A couple years later- we really needed to have a computer in the house, for my work. So. Money for a) computer, b) more solar panels, c) more batteries. Took a while to get there.

Zowie! Computer. Besides my work, there was sometimes enough power for computer GAMES- a little bit. They were slightly beyond "Pong" at this point; 1984; not much addiction potential.

The reality of solar power; and wind; is that the availability is VARIABLE. It's the nature of nature. 8 sunny days in a row? The batteries are FULL - actually you may be in danger of damaging them unless you use some of it up, or cut the input- you have to DO something. Boiling batteries are not funny - I've done it, and I don't do it any more.

So; we added a TV. Part of that was a conscious parenting decision NOT to keep our kids isolated from the rest of the world. Look, they're already weird enough to their peers- living like this; why should they also be missing all the normal cultural references? Big Bird? What's that? So we plugged them in to Sesame Street. And a few other things.

Inevitably, they discovered - SATURDAY MORNING - CARTOONS. Now there IS addiction potential; those programs are designed to grab and hold kids, from the bottom up. Not healthy. We DID allow a little - Bugs Bunny, for example. But then, when the next show came up; Asinine Mutant Vegetables On Crack At War, or its twin-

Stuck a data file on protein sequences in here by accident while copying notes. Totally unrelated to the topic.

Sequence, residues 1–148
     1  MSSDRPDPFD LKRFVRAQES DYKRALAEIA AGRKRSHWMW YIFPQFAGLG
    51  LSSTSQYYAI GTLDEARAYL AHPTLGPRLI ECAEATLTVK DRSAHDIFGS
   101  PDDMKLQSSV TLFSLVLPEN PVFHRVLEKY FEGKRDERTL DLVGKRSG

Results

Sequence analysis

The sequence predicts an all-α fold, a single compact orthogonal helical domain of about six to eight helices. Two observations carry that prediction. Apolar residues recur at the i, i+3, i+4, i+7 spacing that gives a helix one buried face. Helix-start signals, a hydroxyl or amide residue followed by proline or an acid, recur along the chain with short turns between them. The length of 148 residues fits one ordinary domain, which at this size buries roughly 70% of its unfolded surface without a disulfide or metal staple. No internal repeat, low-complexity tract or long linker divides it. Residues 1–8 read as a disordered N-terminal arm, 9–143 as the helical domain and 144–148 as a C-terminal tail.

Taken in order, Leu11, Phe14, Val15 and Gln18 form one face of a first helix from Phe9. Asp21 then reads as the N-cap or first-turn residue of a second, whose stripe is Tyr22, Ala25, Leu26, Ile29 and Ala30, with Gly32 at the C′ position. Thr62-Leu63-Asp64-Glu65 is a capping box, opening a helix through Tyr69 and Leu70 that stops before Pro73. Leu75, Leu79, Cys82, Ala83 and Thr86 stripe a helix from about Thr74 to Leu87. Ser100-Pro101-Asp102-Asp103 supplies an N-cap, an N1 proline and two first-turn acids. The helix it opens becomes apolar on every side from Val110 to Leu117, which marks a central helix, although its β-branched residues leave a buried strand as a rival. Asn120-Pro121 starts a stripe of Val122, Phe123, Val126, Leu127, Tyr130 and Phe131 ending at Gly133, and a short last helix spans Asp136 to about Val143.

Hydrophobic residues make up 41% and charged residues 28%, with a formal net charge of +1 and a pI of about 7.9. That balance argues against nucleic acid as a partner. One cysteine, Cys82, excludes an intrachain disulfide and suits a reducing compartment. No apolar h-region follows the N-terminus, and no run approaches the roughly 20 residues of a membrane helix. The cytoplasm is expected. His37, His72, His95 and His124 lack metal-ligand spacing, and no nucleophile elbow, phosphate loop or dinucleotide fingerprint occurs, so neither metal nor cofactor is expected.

The REALITY was there. And easy to present. "You guys NEED to watch AMVOCAW? All your friends do? I understand. Go ahead." "what, really??" "Sure. You just have to remember- if you watch that now- it's using up electricity, right? From the batteries. There won't be enough energy tonight for the lights. Your choice."

It worked. There was nothing distant or incomprehensible about it. The electricity comes from the sunlight. It's stored in the batteries. There are only 4 batteries. That's all there is. They KNEW it. Has it been cloudy for a week? The batteries are low. No TV at all today; we'll read instead. (No problem there.)

You can extrapolate this experience to your own house- and also to the world. The vast majority of 1st worlders have been raised to KNOW that "leisure" and comfort are their absolute right; as it is their right to go out and buy the biggest outboard motor they can, for fun on weekends.

There are no limits in sight. The supply is endless- and the system has been set up to encourage that belief. At the moment, China and India, and everyone else in the developing world is busy buying into this same illusion.

You and I and Al Gore KNOW it's an illusion- but the huge majority of humans DO NOT; and they cannot SEE - the limits. All they can see is that YOU have two SUVs, and they want theirs.